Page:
Interestingly, soy proved no better than meat in a study of postmenopausal women, which found that substituting soy protein for meat in a diet with average amounts of calcium made no difference to either retention of calcium or bone and cardiovascular health.6

An earlier study had also shown that high-meat diets didn't lead to any significant changes in urinary and fecal calcium loss or to calcium balance. There was also no significant change in the intestinal uptake of calcium with a high meat-protein diet.7

The observations of Weston Price, DDS, author of Nutrition and Physical Degeneration (La Mesa, CA: Price-Pottenger Nutrition Foundation, 1939) support the idea that a high protein diet does not lead to osteoporosis. Dr Price travelled all over the world in the early 1930s, studying the general health, dental health and diets of traditional societies.

Like other anthropologists before and after him, he found no peoples subsisting on only plant foods, although such foods do comprise a considerable percentage of native diets. He also found that traditional peoples often go to great lengths to obtain nutrient-rich fish, eggs and other animal foods for pregnant women and for those getting ready for parenthood.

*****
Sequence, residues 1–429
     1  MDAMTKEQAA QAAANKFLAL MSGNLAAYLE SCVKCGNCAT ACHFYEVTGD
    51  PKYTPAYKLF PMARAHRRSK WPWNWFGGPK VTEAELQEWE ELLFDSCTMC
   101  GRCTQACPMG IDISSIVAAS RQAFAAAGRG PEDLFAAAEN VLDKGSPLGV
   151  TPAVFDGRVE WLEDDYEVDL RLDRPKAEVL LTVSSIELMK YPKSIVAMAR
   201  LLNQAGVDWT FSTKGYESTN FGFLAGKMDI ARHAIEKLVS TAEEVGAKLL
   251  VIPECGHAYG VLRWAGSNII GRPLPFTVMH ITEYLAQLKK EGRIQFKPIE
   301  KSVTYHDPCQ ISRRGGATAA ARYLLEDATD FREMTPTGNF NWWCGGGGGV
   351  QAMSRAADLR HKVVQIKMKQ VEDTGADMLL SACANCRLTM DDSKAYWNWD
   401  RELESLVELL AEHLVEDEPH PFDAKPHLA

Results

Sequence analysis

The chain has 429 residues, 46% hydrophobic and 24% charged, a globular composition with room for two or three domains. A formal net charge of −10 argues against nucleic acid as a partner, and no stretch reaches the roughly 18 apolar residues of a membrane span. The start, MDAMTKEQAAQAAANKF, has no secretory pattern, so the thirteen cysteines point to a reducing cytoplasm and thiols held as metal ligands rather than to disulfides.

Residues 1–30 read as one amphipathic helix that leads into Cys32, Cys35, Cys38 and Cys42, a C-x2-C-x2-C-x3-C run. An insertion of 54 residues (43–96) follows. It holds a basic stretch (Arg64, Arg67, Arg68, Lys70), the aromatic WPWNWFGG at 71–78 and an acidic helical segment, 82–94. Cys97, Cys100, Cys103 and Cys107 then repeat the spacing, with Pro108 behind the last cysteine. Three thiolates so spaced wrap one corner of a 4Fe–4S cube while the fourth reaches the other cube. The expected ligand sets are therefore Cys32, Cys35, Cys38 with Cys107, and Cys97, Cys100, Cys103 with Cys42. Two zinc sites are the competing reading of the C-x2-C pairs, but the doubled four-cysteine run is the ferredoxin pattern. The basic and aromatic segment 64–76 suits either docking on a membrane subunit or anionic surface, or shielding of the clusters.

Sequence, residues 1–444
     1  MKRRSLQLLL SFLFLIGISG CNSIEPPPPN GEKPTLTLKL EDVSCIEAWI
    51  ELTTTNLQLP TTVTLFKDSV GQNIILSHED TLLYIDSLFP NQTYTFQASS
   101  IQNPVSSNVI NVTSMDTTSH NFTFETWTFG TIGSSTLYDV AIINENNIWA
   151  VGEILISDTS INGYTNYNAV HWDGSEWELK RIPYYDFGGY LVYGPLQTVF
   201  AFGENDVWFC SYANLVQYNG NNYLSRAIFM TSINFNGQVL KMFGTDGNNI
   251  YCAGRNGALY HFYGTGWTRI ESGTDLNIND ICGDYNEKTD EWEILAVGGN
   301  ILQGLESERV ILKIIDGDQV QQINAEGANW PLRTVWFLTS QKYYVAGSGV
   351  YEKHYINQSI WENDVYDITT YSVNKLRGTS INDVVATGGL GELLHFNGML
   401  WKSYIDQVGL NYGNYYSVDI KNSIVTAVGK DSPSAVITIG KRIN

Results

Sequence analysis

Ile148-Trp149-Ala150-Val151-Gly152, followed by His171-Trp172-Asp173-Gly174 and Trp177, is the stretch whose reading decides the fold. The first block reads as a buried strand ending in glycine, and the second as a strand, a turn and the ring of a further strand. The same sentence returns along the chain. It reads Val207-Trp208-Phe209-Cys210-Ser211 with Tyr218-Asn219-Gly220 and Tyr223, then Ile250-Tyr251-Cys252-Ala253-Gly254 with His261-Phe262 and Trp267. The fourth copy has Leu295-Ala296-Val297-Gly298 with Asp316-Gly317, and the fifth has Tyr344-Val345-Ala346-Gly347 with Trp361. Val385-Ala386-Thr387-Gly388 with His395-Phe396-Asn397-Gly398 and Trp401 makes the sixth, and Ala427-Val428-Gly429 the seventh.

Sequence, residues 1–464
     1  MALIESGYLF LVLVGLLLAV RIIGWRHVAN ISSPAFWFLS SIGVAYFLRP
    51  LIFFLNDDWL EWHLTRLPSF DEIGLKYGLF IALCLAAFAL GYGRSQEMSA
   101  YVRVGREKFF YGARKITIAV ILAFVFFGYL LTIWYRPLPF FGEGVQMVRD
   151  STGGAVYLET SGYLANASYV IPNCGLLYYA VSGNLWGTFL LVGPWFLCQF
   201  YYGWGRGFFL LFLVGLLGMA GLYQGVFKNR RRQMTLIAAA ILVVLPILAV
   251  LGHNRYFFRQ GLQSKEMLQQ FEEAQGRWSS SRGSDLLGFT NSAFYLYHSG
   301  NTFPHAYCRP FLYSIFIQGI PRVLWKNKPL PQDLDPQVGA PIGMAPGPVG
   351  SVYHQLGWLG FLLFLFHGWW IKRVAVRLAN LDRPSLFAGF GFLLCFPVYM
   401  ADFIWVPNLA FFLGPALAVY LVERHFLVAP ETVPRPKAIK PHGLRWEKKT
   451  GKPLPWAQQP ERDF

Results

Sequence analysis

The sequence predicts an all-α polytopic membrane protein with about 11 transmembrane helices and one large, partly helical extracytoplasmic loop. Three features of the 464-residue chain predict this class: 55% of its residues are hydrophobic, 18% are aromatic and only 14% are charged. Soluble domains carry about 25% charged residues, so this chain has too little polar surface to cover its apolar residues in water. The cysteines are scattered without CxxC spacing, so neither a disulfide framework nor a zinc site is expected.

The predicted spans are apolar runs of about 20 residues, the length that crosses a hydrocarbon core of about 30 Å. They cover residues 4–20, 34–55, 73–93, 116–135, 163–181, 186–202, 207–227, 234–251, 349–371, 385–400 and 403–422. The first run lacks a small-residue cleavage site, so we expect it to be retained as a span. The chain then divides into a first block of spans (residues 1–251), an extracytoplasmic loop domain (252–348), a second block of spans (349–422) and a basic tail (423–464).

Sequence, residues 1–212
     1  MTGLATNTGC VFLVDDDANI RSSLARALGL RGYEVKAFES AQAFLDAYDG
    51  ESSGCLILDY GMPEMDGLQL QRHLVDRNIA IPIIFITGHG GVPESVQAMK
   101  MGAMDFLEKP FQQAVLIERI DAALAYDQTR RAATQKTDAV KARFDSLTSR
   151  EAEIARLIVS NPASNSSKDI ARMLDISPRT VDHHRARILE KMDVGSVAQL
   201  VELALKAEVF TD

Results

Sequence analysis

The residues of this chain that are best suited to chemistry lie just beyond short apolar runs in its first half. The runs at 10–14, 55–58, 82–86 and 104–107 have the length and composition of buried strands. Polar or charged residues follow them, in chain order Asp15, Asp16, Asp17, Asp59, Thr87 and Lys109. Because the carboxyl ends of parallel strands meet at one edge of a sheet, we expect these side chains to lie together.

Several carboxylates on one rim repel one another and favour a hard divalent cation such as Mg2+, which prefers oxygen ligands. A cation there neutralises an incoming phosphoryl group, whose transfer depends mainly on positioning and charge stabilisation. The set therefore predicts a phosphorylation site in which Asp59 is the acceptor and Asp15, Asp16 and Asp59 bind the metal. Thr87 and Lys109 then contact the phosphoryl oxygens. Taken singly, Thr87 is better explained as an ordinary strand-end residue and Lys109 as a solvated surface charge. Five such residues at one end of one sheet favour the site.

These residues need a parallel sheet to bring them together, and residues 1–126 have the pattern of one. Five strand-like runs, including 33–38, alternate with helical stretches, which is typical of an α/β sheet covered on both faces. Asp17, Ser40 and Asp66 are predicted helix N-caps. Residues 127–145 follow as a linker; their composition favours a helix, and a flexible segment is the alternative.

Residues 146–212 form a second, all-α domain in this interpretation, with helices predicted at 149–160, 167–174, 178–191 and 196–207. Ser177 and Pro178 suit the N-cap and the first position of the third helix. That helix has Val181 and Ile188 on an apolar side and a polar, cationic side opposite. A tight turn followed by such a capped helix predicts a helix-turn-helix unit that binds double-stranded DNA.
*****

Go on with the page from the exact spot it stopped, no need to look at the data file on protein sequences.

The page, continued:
Dr Price's book (now in its eighth edition) clearly demonstrates that traditional cultures that have diets high in fish and meat have excellent bone health so long as they also consume plenty of animal fats and vegetables.

The healthiest people he found in terms of bones and teeth were six

tribes in sub-Saharan Africa who subsisted mostly on the meat, milk and blood of cows. These six cattle-herding tribes were completely free of dental cavities, and had strong straight teeth and bones.

On the other hand, agricultural tribes like the Kikuyu and Kamba, who lived on sweet potatoes, corn, beans, millet and sorghum, plus small animals and insects, had decay in

5-6 per cent of their teeth (in the US, as much as 75 per cent of all teeth have decay).

According to the Price-Pottenger Nutrition Foundation, one of the healthiest tribes that Dr Price found-the Sudanese Dinkas-consumed a diet consisting mainly of fish and cereal grains.8